It’s not surprising then that at the end of Elizabeth’s reign, with the royal stamp of approval no longer in place, the use of face paint became more discreet. In England, moving into the seventeenth century, the fluctuating fashion for how to wear rouge and makeup in general can be linked to the influence of both the prevailing politics and puritanical religion. In 1650, a motion was put forward under Oliver Cromwell in the Long Parliament that an Act against the Vice of Painting, and wearing black Patches, and immodest Dresses of Women, be read on Friday Morning next.‚18 The bill was read once before being dropped. It seems clear that makeup was so prevalent in English society and culture by this point that it simply could not be controlled. Double standards were very much at play, as men secretly appreciated the effects of makeup when applied well and discreetly: The general consensus was that makeup was unacceptable, but if it must be used, then it should appear natural. Beautifying clearly had its benefits, as demonstrated by London diarist Samuel Pepys, who wryly noted, when describing how a woman had accidentally spat on him, after seeing her to be a very pretty lady, I was not troubled by it at all.‚19
In Europe, the mid-eighteenth century was also renowned for being a time when rouge overload was common. The beauty ideal suggested by the portraits of the time was pale skin with rose-flushed cheeks (similar to those of the sixteenth century) and dark, defined brows. Makeup was all about status and being seen to be a la mode the flamboyant manner in which rouge in particular was worn was so very apparent that there’s no way it could have been intended to look natural. Especially in France, which was now the focal point of fashion and the center from which Europe took its aesthetic cue, painting your face was very much a part of life at court. Getting dressed and rouging your face in front of an audience was part of a public toilette practiced by aristocratic women although there was a strong element of performance involved in the ritual, with most of the work being done beforehand and without the court onlookers (a little bit like today’s behind-the-scenes videos of fashion shoots). Madame de Pompadour, the long-standing mistress of King Louis XV of France, was famously portrayed with noticeably rouged cheeks, and she became so associated with the color in the public consciousness that a certain shade of deep pink she was fond of became known as Pompadour pink. A portrait by Francois Boucher from 1758 shows her seated at her dressing table, in the act of painting her face, applying rouge from a compact using a small brush a rare example of the art of painting on cosmetics being replicated through the art of painting itself. Like paint, rouge came in many shades, and was used artistically. In his personal papers, published in 1877, Count Axel von Fersen, a Swedish aristocrat, describes seeing a French noblewoman apply her makeup. He says that she had six pots of rouge and another pot containing something that appeared more black than red. According to Morag Martin in Selling Beauty, the count realized it contained ‹“the most beautiful red one could see.’ She then added to this first layer from the other six pots, two at a time.‚20 Aristocratic men also used rouge at this time, as did children, particularly in court. However, there were subtle (or not so subtle) variations in the shades used. By 1780, rouge was available to buy in perfumeries in France, so anyone with the money to spend could use cosmetics to color their lips and cheeks, although the middle classes used less, and applied it in a subtler way than the aristocracy did. According to French writers Edmond and Jules de Goncourt, the rouge of the lady of quality was not the rouge of the court, nor the rouge of a courtesan; it was merely a soup^on of rouge, an imperceptible shade.‚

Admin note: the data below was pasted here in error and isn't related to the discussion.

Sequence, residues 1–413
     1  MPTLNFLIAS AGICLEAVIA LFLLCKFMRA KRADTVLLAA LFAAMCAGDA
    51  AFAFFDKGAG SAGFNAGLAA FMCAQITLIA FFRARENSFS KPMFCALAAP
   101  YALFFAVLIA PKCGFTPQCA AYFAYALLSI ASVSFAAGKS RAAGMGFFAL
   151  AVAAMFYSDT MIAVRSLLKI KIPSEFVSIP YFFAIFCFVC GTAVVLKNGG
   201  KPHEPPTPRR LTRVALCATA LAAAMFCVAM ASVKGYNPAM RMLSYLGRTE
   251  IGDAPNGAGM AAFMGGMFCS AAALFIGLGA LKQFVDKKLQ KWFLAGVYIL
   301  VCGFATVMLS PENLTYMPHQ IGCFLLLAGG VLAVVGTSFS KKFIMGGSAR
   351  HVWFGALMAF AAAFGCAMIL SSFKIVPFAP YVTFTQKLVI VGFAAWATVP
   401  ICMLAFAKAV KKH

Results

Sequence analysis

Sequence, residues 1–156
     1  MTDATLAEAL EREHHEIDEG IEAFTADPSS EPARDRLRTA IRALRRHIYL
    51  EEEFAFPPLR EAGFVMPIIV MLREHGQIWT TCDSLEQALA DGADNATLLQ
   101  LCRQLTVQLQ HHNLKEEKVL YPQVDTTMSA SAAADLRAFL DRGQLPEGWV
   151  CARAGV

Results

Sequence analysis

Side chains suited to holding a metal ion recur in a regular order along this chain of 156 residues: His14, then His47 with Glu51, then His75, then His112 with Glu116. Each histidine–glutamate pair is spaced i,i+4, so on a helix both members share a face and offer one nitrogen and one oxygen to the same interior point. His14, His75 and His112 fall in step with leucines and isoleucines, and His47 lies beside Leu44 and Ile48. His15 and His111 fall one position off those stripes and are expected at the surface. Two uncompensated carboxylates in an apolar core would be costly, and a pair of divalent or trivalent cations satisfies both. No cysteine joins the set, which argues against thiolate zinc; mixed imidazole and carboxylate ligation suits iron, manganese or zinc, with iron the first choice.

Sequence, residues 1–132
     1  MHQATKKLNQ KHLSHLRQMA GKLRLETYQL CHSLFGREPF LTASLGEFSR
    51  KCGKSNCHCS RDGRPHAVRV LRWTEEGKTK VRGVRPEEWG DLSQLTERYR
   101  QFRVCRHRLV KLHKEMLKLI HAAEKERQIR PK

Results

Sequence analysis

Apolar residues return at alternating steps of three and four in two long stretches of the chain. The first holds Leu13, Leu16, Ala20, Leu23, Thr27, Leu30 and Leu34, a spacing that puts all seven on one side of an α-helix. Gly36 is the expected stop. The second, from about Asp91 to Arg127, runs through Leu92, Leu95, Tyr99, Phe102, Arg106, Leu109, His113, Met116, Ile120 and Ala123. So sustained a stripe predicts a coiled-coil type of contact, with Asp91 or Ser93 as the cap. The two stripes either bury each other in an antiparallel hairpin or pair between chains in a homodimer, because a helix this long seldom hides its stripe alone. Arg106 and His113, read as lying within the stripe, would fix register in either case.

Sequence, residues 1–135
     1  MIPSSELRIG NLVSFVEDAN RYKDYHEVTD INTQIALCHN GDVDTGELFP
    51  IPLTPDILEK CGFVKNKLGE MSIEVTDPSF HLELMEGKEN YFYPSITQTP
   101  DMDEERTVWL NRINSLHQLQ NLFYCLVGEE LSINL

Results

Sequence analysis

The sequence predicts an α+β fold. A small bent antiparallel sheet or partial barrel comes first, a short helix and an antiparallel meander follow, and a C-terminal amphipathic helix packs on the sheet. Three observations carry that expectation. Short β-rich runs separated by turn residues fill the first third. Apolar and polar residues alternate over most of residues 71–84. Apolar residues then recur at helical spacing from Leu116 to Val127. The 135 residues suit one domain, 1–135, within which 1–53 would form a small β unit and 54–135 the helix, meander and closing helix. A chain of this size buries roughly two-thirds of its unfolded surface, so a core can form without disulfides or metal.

The most enduring shade of face paint, red inspires a primal response and conjures strong and at times contradictory emotions.
The excessive makeup worn in France attracted censure in England; although used, cosmetics were still considered artificial and false by many. Eighteenth-century portraits of women in England and the United States suggest that both countries favored a more pared-back look than their French contemporaries. Writing from Paris in 1775, Horace Walpole summarized the different attitudes toward rouge in an amusing letter: I found an English-woman at the Opera last night by her being covered with plumes and no rouge, which made her look like a whore in a salivation; so well our country-women contrive to display their virtue!‚22 But the gap would not remain for much longer following the French Revolution, there was an overall shift to a more natural look.
Changing trends aside, with the increase in availability, women carried on using rouge, and by the late eighteenth century there were a huge number of varieties available. Vegetable rouges became more sought after as the dangers of lead and mercuric sulfide became better known, and a type of rouge known as Spanish wool was incredibly popular, although it had been around since the seventeenth century. Available in a variety of colors and sizes, Spanish wool was fabric that had been dyed with cochineal or something similar, cut into pads about 1.5 inches (4 cm) across, which could be dabbed onto the lips and cheeks in order to stain them A portable version, called Spanish paper, was made up of pigment impregnated into paper that could be carried around in a pocketsecret. Rouge was also available in small pots and glass bottles or on saucers, and would be applied with the fingers, a camel-hair brush, a hare’s foot, or a powder puff, depending on the formulation.
“What red can do for the spirit, it can also do for the face. ‚